Tijuana city officials said Monday that they had opened a sports complex to house the overflow of Ukrainian migrants, according to Enrique Lucero Vazquez, the director of Tijuana’s immigration services.

Vazquez said that about 2,000 Ukrainians are currently in Tijuana, both near the border crossing with the United States and at the sports complex called “Unidad Deportiva Benito Juarez.”

Last month, a senior administration official announced that the United States will welcome up to 100,000 Ukrainians and others fleeing Russia's aggression.

More than 4 million refugees have now fled Ukraine, according to data from the UN refugee agency, with the vast majority of those refugees having fled to Ukraine's western neighbors across Europe.

Here's a look at some images from the ground in Tijuana:

Ukrainian refugees wait near the San Ysidro Port of Entry at the US-Mexico border on Monday, April 4, in Tijuana, Mexico. 
Ukrainian refugees wait near the San Ysidro Port of Entry at the US-Mexico border on Monday, April 4, in Tijuana, Mexico.  (Ariana Drehsler/UPI/Shutterstock)

An aerial view of a Ukrainian refugee camp near the San Ysidro Port of Entry in Tijuana, Mexico, on Saturday, April 2.
An aerial view of a Ukrainian refugee camp near the San Ysidro Port of Entry in Tijuana, Mexico, on Saturday, April 2. (Guillermo Arias/AFP/Getty Images)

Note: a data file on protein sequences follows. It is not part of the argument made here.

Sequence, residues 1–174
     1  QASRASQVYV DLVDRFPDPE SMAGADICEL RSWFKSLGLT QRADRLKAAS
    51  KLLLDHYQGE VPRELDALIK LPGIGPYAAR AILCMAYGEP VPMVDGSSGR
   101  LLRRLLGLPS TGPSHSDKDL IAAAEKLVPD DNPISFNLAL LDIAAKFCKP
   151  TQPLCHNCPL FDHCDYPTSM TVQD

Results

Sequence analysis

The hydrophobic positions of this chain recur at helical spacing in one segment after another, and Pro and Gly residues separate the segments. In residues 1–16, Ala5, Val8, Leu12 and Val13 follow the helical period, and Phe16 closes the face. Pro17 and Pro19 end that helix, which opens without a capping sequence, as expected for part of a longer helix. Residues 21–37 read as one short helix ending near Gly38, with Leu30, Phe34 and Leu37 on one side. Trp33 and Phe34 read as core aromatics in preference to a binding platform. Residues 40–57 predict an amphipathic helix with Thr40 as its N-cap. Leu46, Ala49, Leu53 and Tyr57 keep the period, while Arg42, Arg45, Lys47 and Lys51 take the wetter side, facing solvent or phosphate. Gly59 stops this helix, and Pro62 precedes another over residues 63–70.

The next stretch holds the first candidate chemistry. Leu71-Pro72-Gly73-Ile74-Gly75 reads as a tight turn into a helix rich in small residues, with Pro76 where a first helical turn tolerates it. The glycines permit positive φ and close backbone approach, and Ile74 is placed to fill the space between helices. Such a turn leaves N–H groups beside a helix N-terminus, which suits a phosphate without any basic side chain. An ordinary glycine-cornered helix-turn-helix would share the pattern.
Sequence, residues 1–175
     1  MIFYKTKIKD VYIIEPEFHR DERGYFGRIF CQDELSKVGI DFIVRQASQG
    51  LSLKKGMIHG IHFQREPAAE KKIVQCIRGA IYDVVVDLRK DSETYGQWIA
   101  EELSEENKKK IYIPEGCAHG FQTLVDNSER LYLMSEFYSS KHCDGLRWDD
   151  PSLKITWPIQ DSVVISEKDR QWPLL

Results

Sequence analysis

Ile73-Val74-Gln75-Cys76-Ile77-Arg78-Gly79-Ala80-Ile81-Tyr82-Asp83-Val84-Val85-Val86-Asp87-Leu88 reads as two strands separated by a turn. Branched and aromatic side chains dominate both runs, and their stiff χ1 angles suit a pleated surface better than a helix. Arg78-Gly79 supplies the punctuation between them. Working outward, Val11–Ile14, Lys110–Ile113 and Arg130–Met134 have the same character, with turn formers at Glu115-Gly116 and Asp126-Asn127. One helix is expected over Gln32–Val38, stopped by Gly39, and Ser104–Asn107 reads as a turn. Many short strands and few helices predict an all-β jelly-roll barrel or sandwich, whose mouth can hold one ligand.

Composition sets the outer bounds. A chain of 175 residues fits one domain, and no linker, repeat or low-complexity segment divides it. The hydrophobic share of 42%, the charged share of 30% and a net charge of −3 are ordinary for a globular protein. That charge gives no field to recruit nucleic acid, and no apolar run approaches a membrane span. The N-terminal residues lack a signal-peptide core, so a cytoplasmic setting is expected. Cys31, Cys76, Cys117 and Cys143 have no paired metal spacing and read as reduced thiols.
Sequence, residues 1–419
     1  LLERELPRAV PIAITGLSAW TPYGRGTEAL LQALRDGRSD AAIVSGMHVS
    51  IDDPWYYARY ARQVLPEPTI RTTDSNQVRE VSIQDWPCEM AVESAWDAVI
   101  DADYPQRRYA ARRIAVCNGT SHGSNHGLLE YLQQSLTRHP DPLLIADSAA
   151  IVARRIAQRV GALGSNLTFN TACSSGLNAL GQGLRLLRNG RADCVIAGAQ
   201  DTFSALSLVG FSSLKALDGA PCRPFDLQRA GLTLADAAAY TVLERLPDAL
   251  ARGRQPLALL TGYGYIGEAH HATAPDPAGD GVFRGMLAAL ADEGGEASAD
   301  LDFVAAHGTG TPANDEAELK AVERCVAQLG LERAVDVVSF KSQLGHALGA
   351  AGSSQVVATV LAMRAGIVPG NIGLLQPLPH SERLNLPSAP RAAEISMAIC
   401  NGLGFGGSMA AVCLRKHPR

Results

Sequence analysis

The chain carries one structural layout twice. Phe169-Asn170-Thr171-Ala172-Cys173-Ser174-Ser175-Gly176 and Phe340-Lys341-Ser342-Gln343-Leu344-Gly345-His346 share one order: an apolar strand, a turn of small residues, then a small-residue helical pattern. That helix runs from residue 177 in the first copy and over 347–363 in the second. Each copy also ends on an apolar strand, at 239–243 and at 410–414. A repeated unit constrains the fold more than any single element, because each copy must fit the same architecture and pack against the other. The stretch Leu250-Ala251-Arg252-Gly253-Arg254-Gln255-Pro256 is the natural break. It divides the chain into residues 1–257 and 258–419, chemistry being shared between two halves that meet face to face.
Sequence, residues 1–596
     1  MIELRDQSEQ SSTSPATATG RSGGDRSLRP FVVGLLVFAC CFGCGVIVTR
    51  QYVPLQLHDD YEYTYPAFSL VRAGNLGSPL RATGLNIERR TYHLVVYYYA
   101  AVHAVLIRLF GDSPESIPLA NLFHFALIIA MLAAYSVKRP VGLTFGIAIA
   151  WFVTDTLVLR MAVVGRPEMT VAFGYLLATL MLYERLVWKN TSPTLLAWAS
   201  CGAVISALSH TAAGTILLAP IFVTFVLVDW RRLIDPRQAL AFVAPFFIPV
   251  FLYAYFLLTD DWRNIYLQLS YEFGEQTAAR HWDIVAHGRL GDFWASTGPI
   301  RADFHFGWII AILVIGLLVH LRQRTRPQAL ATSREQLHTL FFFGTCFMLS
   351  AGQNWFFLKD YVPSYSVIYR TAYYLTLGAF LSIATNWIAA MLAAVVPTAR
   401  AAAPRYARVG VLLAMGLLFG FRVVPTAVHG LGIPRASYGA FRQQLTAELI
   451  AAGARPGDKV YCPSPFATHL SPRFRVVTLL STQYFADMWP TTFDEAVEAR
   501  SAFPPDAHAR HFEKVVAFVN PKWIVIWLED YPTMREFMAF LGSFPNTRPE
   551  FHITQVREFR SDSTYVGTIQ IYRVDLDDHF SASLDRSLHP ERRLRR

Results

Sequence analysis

Ukrainian refugees wait to enter the United States at the San Ysidro Port of Entry at the US-Mexico border, in Tijuana, Mexico, on Monday.
Ukrainian refugees wait to enter the United States at the San Ysidro Port of Entry at the US-Mexico border, in Tijuana, Mexico, on Monday. (Sandy Huffaker/AFP/Getty Images)

A volunteer calls out numbers at a makeshift camp where Ukrainians are staying to hold their place in line near the San Ysidro Port of Entry in Tijuana, Mexico, on Monday.
A volunteer calls out numbers at a makeshift camp where Ukrainians are staying to hold their place in line near the San Ysidro Port of Entry in Tijuana, Mexico, on Monday. (Ariana Drehsler/UPI/Shutterstock)

A Ukrainian family arrives at a shelter at the Christian church, Calvary San Diego, in Chula Vista, California, after crossing into the US from Tijuana, Mexico, on Friday, April 1.
A Ukrainian family arrives at a shelter at the Christian church, Calvary San Diego, in Chula Vista, California, after crossing into the US from Tijuana, Mexico, on Friday, April 1. (Gregory Bull/AP)

Volunteer Silas Breen, below left, from the Calvary Bible Institute, prays with David, from Ukraine, at Calvary San Diego's shelter for Ukrainians arriving from Tijuana, Mexico, last Friday, in Chula Vista, California.
Volunteer Silas Breen, below left, from the Calvary Bible Institute, prays with David, from Ukraine, at Calvary San Diego's shelter for Ukrainians arriving from Tijuana, Mexico, last Friday, in Chula Vista, California. (Gregory Bull/AP)

CNN's Rosalina Nieves, Rosa Flores, Sharif Paget and Karol Suarez contributed reporting to this post.